"The laser technique gives us the ability to measure the different types
      of isotopes found in all water," said Webster. "With the isotopic
      fingerprint, we discovered the ice particles found under the stratosphere
      were lofted from below, and some were grown there in place."

      The data help explain how the water content of air entering the
      stratosphere is reduced, and show that gradual ascent and rapid upward
      motion associated with tall cloud systems (convective lofting) both play
      roles in establishing the dryness of the stratosphere.

      The purpose of the aircraft mission was to understand the formation,
      extent and processes associated with cirrus clouds. The mission used
      six aircraft from NASA and other federal agencies to make observations
      above, in and below the clouds. By combining aircraft data with
      ground-based data and satellites, scientists have a better picture of
      the relationship between clouds, water vapor and atmospheric dynamics
      than previously. They also can better interpret satellite measurements
      routinely made by NASA.
      ******************************
      The mission was funded by NASA's Earth Science Enterprise. The Enterprise
      is dedicated to understanding the Earth as an integrated system and
      applying Earth System Science to improve prediction of climate, weather
      and natural hazards using the unique vantage point of space. For more
      information about Alias, visit: http://laserweb.jpl.nasa.gov For
      Information about NASA and JPL programs, visit:
      http://www.nasa.gov and http://www.jpl.nasa.gov
      ###
      Contacts:
      David E. Steitz
      Headquarters, Washington
      (Phone: 202/358-1730)
      Alan Buis
      Jet Propulsion Laboratory, Pasadena, Calif.
      (Phone: 818/354-0474)
      This text derived from http://www.jpl.nasa.gov/releases/2003/164.cfm
      --
      Fwded from a post by Lance Olsen from another group.

      Pat

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    • P. Neuman self only
      December 5, 2003 The Measure of Water: NASA Creates New Map for the Atmosphere NASA scientists have opened a new window for understanding atmospheric water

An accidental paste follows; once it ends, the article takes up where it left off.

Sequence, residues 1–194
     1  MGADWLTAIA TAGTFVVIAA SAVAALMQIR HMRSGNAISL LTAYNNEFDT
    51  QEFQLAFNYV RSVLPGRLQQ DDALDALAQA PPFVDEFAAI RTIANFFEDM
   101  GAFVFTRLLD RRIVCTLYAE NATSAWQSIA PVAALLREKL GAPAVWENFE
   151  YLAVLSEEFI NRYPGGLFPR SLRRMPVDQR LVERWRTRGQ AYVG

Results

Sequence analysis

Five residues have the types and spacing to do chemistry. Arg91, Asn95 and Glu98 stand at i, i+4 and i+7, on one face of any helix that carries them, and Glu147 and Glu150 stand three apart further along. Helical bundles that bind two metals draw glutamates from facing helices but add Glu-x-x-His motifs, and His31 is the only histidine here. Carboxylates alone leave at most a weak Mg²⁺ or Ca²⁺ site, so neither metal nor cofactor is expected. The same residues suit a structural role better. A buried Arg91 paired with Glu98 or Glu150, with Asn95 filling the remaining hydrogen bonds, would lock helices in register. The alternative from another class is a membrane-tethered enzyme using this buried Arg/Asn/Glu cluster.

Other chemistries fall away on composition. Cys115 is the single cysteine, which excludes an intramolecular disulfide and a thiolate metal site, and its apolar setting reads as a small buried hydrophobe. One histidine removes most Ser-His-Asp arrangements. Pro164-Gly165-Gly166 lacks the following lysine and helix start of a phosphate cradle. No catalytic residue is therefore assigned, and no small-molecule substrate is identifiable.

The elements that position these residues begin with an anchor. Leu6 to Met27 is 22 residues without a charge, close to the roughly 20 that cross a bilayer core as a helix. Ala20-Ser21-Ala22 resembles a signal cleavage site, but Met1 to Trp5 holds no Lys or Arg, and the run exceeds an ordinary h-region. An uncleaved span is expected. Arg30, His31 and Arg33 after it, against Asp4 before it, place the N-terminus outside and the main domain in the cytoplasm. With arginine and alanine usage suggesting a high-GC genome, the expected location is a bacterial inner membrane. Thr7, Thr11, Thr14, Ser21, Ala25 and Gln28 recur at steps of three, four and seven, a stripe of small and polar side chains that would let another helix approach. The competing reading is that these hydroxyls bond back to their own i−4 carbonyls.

Message 2 of 2 , Jul 1, 2004
      • 0 Attachment
        December 5, 2003
        The Measure of Water: NASA Creates New Map for the Atmosphere

        NASA scientists have opened a new window for understanding atmospheric
        water vapor, its implications for climate change, and ozone depletion.

        The scientists have created the first detailed map of water containing
        heavy hydrogen and heavy oxygen atoms in and out of clouds, from the
        surface of Earth to some 25 miles upward, to better understand the
        dynamics of how water gets into the stratosphere.

        Only small amounts of water reach the arid stratosphere, 10 to 50
        kilometers (6 to 25 miles) above Earth, so any increase in the water
        content could potentially lead to destruction of some ozone-shielding
        capability in this part of the atmosphere. This could produce larger
        ozone depletions over the North and South Poles as well as at
        mid-latitudes.

        Water shapes Earth's climate. The large amount of it in the lower
        atmosphere, the troposphere, controls how much sunlight gets through to
        the planet, how much is trapped in our skies, and how much goes back out
        to space. Higher in the stratosphere, where most of the Earth's ozone
        shield protects the surface from harmful ultraviolet rays, there is very
        little water (less than .001 of the surface concentration). Scientists
        don't fully understand how air is dried before it gets to this region.

        In the troposphere, water exists as vapor in air, as liquid droplets in
        clouds, and as frozen ice particles in high altitude cirrus clouds. Since